“I just walked away from the helicopter believing that’s what war is,” Kettles told USA Today. “It probably matched some of the movies I’d seen as a youngster. So be it. Let’s go have dinner.”
He did another tour in Vietnam, then retired in 1978 as a Lieutenant Colonel. He started a car dealership with his brother after his retirement, happy to receive the Distinguished Service Cross for his heroism in Vietnam. He had no expectations of receiving the Medal of Honor. That came about from the work of amateur historian William Vollano. Vollano, in the course of interviewing veterans for the Veterans History Project, heard Kettles’ story. With written accounts of men from the 101st who were there that day, Vollano was able to push the Army to reexamine Kettles. They determined that Kettles’ actions merited the nation’s highest honor.
“Kettles, by himself, without any guns and any crew, went back by himself,” said Roland Scheck, a crew member who had been injured on Kettles’ first trip to the landing zone that day. “I don’t know if there’s anyone who’s gotten a Medal of Honor who deserved it more.”
A little-known group of specially-trained Coast Guardsmen are playing a key role in securing a presidential retreat in Florida and guarding against the smuggling of doomsday weapons out of war-torn Syria.
“This is a team that’s not sand lot ball. These are the pros that have very unique weapons skills and training and not everyone makes this team,” said Coast Guard Commandant Adm. Paul Zukunft during a breakfast meeting with reporters April 12. “These teams are if anything probably over employed right now in terms of their optempo — both on the anti-terrorism front and on the counter-terrorism front as well.”
Established in the years after 9/11 to provide another layer of special operations capability both in the United States and worldwide, the Coast Guard previously housed these various specialized teams under one command, dubbed the “Deployable Operations Group.” Comprised of highly-trained boat teams, crisis response forces and counter proliferation experts, the DOG was disbanded in 2012 and its units dispersed to separate commands.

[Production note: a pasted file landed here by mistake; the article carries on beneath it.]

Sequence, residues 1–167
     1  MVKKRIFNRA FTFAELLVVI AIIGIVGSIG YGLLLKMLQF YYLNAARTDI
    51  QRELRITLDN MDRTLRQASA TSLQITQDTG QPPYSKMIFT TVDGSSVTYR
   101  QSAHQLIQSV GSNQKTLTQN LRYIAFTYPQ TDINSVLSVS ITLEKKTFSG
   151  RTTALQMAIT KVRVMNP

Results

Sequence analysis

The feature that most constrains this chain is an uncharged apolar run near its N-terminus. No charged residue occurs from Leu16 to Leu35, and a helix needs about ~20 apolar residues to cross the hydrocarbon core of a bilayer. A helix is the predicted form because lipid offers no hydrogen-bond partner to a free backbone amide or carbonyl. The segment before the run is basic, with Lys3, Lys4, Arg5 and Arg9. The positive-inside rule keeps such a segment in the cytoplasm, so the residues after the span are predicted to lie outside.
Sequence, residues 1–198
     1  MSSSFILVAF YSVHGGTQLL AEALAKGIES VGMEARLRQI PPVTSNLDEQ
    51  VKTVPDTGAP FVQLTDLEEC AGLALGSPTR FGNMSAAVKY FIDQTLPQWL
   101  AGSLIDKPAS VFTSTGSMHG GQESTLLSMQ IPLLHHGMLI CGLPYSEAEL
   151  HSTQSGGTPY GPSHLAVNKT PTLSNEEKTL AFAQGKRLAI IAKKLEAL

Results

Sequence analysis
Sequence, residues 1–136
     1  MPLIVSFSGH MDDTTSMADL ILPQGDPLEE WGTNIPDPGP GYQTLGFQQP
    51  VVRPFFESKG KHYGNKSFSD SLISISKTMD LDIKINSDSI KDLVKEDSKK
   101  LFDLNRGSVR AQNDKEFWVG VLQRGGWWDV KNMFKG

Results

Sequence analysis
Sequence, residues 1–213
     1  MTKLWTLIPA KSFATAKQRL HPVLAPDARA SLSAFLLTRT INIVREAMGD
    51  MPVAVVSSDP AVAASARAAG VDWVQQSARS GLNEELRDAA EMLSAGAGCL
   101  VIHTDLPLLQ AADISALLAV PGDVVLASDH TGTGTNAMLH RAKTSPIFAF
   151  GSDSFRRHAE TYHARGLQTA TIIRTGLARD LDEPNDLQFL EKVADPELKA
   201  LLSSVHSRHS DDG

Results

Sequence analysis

Despite its troubled past, the Coast Guard’s special operators are front and center in some of America’s most high profile missions. Zukunft said his teams are providing maritime security for President Donald Trump when he visits his golf resort at Mar a Lago in Florida, working closely with the U.S. Secret Service to protect world leaders from potential attack.
“I had three teams providing force protection for presidents of the two largest nations in the world — China and the United States — at Mar a Lago. That’s what these teams do, Zukunft said. “We’re seeing more and more of these nationally significant security events in the maritime domain.”
The service’s capability also includes Coast Guardsmen trained to locate and secure chemical and nuclear weapons — operators that are part of the Maritime Security Response Teams. Similar to SEALs, the MSRT Coast Guardsmen can take down ships, oil platforms and other vehicles used to smuggle WMD material over water.
It’s members of these MSRT units that are currently deployed to help the U.S. military guard against doomsday weapons leaking out of Syria and other regional hotspots.
“We have a full-up [counter terrorism team] deployed right now in the Mediterranean in support of CENTCOM. It’s an advanced interdiction team in case there is any movement of a weapon of mass destruction,” Zukunft said. “This is a team that if necessary, forces itself onboard a ship … and they have all of the weapons skills of special forces, but they have law enforcement authority.”
Despite the rocky road in the unit’s formation, Zukunft is confident the Coast Guard’s special operations units are here to stay.
“To turn the lights out and then decide ‘whoa we have this threat’ — it’s going to take [a while] to reconstitute that, and in doing so the assumption would be that we will never have a terrorist attack directed agains the United States ever again,” he said. “I am not willing to make that assumption. I am all in.”